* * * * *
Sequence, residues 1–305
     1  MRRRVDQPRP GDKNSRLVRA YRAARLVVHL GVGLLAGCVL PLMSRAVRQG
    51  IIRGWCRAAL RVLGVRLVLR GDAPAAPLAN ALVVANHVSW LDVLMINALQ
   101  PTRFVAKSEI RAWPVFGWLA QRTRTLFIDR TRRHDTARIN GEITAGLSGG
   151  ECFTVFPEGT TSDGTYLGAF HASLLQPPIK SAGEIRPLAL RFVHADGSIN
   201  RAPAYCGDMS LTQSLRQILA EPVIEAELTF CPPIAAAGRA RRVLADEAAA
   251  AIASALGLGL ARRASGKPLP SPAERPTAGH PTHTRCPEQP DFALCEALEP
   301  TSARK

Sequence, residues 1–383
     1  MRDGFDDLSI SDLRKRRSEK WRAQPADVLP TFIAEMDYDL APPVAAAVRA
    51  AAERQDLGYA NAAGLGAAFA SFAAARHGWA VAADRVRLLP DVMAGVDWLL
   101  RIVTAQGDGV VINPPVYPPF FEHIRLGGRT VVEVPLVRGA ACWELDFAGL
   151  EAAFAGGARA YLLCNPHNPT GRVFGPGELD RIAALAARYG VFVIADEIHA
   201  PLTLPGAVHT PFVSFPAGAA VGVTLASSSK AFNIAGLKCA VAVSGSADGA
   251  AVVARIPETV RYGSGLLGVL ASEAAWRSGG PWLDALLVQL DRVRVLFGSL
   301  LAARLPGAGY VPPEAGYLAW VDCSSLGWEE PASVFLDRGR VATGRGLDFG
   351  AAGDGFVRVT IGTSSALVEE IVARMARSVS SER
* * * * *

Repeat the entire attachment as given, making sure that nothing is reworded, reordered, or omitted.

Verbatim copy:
Sequence, residues 1–305
     1  MRRRVDQPRP GDKNSRLVRA YRAARLVVHL GVGLLAGCVL PLMSRAVRQG
    51  IIRGWCRAAL RVLGVRLVLR GDAPAAPLAN ALVVANHVSW LDVLMINALQ
   101  PTRFVAKSEI RAWPVFGWLA QRTRTLFIDR TRRHDTARIN GEITAGLSGG
   151  ECFTVFPEGT TSDGTYLGAF HASLLQPPIK SAGEIRPLAL RFVHADGSIN
   201  RAPAYCGDMS LTQSLRQILA EPVIEAELTF CPPIAAAGRA RRVLADEAAA
   251  AIASALGLGL ARRASGKPLP SPAERPTAGH PTHTRCPEQP DFALCEALEP
   301  TSARK

Sequence, residues 1–383
     1  MRDGFDDLSI SDLRKRRSEK WRAQPADVLP TFIAEMDYDL APPVAAAVRA
    51  AAERQDLGYA NAAGLGAAFA SFAAARHGWA VAADRVRLLP DVMAGVDWLL
   101  RIVTAQGDGV VINPPVYPPF FEHIRLGGRT VVEVPLVRGA ACWELDFAGL
   151  EAAFAGGARA YLLCNPHNPT GRVFGPGELD RIAALAARYG VFVIADEIHA
   201  PLTLPGAVHT PFVSFPAGAA VGVTLASSSK AFNIAGLKCA VAVSGSADGA
   251  AVVARIPETV RYGSGLLGVL ASEAAWRSGG PWLDALLVQL DRVRVLFGSL
   301  LAARLPGAGY VPPEAGYLAW VDCSSLGWEE PASVFLDRGR VATGRGLDFG
   351  AAGDGFVRVT IGTSSALVEE IVARMARSVS SER